Pierce County To Consider 'Modified Phase 2' Application

Charles Woodman

PIERCE COUNTY, WA — As of Friday, Pierce County has been in Phase 2 of the Safe Start plan for three weeks and would normally be eligible to apply to enter Phase 3. However, the county has seen its coronavirus cases nearly double over the past few weeks, and it's likely that a Phase 3 application would be denied by the state Secretary of Health.

Now, Pierce County's Director of Health is proposing a plan that would allow the county to move forward, without entering a full Phase 3: a "modified Phase 2."

Director of Health Dr. Anthony L-T Chen announced Friday his intention to propose the modified Phase 2 at the upcoming Tacoma-Pierce County Board of Health meeting on July 1.

“Pierce County residents have remained strong and have stuck together so we can move through these phases of re-opening," said Chen. "Proposing an expanded Phase 2 is the right choice for our health and the right choice for our society and economy."

Like the modified Phase 1 King County used before entering Phase 2 in full, a modified Phase 2 would split the difference between Phases 2 and 3, allowing for some restrictions to be loosened, but not as much as would be allowed in a full Phase 3. For example, Phase 3 allows for outdoor gatherings of up to 50 people, who can even compete in team sports. A modified Phase 2, however, would only allow for gatherings of up to 25 people and keep team sports banned.

Other modified Phase 2 perks include:

  • Households could now have up to five visitors inside per week.
  • Libraries and museums could reopen to the public with physical distancing safeguards.

Businesses would largely see their restrictions remain the same: under a full Phase 3 restaurants and taverns can reopen up to 75 percent capacity. Under modified Phase 2 they'd remain as is, stuck at just half capacity. Gyms and public swimming pools would also remain closed, both of which could normally reopen under Phase 3.

Health officials say they know it's unfortunate Pierce County can't make the full step to Phase 3, but it's more likely to be approved, and less dangerous for the communty, especially considering the recent ride in case counts.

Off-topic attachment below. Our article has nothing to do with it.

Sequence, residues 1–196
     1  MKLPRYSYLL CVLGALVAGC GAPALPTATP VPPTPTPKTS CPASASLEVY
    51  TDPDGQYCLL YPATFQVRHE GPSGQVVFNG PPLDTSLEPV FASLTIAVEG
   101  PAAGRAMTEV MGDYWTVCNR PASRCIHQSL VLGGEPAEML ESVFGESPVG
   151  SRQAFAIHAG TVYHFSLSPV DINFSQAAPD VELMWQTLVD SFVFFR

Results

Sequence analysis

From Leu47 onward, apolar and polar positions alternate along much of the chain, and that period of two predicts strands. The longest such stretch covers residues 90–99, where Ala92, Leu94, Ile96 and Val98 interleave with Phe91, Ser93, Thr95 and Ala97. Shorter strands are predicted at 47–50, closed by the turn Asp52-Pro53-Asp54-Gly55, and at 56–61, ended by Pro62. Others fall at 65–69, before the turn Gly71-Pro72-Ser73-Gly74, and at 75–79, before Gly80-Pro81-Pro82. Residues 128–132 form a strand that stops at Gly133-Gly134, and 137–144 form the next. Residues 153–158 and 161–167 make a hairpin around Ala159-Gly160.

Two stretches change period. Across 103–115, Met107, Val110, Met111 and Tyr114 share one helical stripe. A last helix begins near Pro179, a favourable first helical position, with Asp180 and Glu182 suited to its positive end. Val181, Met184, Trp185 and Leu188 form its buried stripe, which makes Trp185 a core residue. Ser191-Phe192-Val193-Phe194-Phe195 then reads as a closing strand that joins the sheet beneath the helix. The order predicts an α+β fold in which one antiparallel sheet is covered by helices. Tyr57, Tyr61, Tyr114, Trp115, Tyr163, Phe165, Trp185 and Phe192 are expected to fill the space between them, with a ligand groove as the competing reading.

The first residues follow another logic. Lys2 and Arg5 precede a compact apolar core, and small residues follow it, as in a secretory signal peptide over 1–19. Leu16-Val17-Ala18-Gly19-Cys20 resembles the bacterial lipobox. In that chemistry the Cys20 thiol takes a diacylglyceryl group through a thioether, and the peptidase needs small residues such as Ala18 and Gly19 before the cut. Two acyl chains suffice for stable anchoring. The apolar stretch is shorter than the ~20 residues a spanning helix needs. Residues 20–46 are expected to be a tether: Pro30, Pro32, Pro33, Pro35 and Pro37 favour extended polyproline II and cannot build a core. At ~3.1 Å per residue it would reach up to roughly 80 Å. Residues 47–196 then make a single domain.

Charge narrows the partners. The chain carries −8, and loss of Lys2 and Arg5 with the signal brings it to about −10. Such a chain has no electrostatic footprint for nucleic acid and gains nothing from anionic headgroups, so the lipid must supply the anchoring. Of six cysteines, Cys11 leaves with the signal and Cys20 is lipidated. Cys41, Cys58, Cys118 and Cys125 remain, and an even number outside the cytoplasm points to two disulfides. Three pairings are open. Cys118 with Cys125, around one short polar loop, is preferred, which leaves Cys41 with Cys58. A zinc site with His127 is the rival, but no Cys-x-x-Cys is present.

“We do not want to rush to open when we continue to see an increase in COVID-19,” said Chen.

The state's COVID-19 risk assessment dashboard shows the key metrics used to determine which counties can move forward in the Safe Start plan. As of it's latest update Wednesday, the board has Pierce County failing three of those five key metrics. While the metrics are more of a loose guideline and counties have been approved to move ahead without meeting all of them, Pierce County has fallen especially far behind on the first and perhaps most pivotal metric: the county has reported 63.4 coronavirus cases per 100,000 residents over the past two weeks. The goal is to be under 25, which the Pierce had successfully done to enter Phase 2.

To get that case count down again and keep everyone safe, Pierce County health leaders are asking everyone to continue following these simple safety tips:

  • Wear a face covering while in public, as recently mandated by the state government.
  • Stay near your home to avoid spreading the virus.
  • Interact only with a small circle of friends and family, and keep gatherings small.
  • Get tested for COVID-19 immediately if you show symptoms or have recently been a part of any large gatherings.
  • Frequently wash your hands, cover your coughs, and practice good hygiene.

“Pierce County has learned much about how to care for one another,” said Tacoma-Pierce County Board of Health Chair Catherine Ushka. "We still have a long way to go and must ask residents to continue to be vigilant and care for each other."

The Director of Health's modified Phase 2 proposal will be discussed by the county board of health when it next meets at 3 p.m. Wednesday. If approved, it would go to the county council for their vote, before being given to Pierce County Executive Bruce Dammeier who would need to sign and complete the application. That whole process could happen relatively quickly: Pierce County's application to enter Phase 2 ran through those steps in just 3 days.


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This article originally appeared on the Puyallup Patch